Peter Smith: The eternal struggle over mowing the lawn

Commentator Peter Smith
Essayist Peter Smith.
MPR Photo/Sarah Fleener

Given the forecast, today is the perfect day to get your lawn mowed. That doesn't mean it's going to happen. Parents and teenagers across the state will battle over the urgency of this chore. The adults want it done today. The kids are happy to let it go a day or two longer. Minnesota Public Radio essayist Peter Smith has captured the essence of this eternal struggle in a poem.

I'm your father. You're my son.
The bond is sure and strong.
I feed and clothe and house you.
You're supposed to mow the lawn.

It's what I pay allowance for,
I've paid it all along.
I've paid and paid and paid and paid.
Please go and mow the lawn.

You're a member of the family,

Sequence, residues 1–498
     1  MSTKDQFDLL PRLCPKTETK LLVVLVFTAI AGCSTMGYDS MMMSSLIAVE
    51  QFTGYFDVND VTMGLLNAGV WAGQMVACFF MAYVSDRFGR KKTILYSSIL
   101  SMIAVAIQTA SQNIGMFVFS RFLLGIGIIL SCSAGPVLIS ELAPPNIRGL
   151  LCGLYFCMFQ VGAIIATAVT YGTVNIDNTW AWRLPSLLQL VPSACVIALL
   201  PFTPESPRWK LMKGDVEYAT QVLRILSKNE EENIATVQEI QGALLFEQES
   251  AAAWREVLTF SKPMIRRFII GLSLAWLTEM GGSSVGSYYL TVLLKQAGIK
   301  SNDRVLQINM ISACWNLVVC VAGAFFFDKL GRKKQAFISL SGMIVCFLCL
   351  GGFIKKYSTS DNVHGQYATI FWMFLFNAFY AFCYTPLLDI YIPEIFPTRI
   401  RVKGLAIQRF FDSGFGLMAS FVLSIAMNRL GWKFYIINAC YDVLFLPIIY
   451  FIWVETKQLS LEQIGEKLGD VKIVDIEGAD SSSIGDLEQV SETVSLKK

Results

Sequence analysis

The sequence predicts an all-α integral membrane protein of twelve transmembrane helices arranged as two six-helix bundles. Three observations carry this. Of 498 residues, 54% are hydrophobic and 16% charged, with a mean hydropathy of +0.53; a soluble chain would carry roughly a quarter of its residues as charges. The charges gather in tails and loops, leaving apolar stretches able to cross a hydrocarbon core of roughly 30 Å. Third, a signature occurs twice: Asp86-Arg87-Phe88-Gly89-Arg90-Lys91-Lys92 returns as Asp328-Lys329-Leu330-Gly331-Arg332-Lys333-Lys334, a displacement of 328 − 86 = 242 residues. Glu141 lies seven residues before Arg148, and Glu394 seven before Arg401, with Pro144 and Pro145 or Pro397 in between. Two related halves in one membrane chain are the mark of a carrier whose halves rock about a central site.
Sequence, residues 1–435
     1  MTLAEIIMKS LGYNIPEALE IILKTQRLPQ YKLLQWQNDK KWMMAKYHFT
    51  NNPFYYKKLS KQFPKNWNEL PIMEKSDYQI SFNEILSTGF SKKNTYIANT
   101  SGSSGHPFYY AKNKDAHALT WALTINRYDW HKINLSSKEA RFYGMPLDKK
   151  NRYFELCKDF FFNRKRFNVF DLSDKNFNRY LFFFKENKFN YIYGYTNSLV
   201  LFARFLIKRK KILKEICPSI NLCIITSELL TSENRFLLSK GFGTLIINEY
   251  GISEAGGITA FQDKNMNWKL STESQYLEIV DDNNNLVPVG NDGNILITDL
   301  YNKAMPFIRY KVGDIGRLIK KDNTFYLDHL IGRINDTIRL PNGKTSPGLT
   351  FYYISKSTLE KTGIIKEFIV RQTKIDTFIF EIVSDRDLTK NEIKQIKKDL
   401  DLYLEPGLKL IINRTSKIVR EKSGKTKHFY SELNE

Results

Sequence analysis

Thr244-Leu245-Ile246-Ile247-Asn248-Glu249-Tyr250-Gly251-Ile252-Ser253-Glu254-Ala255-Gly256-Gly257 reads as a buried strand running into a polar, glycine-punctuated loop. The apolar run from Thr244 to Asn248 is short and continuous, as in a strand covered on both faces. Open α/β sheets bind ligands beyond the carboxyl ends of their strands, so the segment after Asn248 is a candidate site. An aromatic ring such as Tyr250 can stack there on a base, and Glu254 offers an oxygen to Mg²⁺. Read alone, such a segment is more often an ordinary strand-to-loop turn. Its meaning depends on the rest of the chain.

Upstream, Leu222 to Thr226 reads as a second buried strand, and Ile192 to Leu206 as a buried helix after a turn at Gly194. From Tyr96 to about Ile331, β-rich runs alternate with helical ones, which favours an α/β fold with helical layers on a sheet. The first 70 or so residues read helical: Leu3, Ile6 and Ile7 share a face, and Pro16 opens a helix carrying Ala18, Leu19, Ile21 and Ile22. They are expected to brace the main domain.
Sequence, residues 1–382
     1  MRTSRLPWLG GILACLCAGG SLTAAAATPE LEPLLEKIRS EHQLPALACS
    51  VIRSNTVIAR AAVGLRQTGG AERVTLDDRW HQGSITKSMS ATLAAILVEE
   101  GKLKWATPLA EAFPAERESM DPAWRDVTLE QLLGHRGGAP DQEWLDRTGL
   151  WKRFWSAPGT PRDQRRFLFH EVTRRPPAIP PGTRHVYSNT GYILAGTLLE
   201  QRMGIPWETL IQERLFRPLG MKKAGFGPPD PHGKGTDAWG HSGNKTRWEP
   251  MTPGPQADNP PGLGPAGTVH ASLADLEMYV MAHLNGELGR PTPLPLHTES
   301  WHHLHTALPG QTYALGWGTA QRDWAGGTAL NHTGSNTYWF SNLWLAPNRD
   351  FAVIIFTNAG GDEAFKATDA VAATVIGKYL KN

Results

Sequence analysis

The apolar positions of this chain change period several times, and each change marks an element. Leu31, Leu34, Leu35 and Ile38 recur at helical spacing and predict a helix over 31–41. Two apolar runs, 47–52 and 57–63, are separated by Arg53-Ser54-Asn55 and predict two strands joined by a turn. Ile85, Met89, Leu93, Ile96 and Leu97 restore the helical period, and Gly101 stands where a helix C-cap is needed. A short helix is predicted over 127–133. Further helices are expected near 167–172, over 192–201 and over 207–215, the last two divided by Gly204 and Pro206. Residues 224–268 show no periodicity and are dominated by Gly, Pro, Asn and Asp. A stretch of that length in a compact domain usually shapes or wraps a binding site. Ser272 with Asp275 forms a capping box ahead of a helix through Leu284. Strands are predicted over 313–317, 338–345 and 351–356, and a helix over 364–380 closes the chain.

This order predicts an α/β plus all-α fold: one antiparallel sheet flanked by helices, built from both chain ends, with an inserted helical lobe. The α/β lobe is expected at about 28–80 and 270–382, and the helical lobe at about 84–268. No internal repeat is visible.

So show us you belong.
Stop the texting. Pause the game.
Go and mow the lawn.

It's not too hot. The gas tank's full.
Your last excuse is gone.
Don't put it off. The time has come.
Please go and mow the lawn.

The neighbors doubt our parenting.
They wonder what went wrong.
How did we raise the kind of boy
Who just won't mow the lawn?

Someday soon you'll get a car.
You'll drive off. You'll be gone.
And as you do I'll yell after you,
"Come back and mow the lawn."

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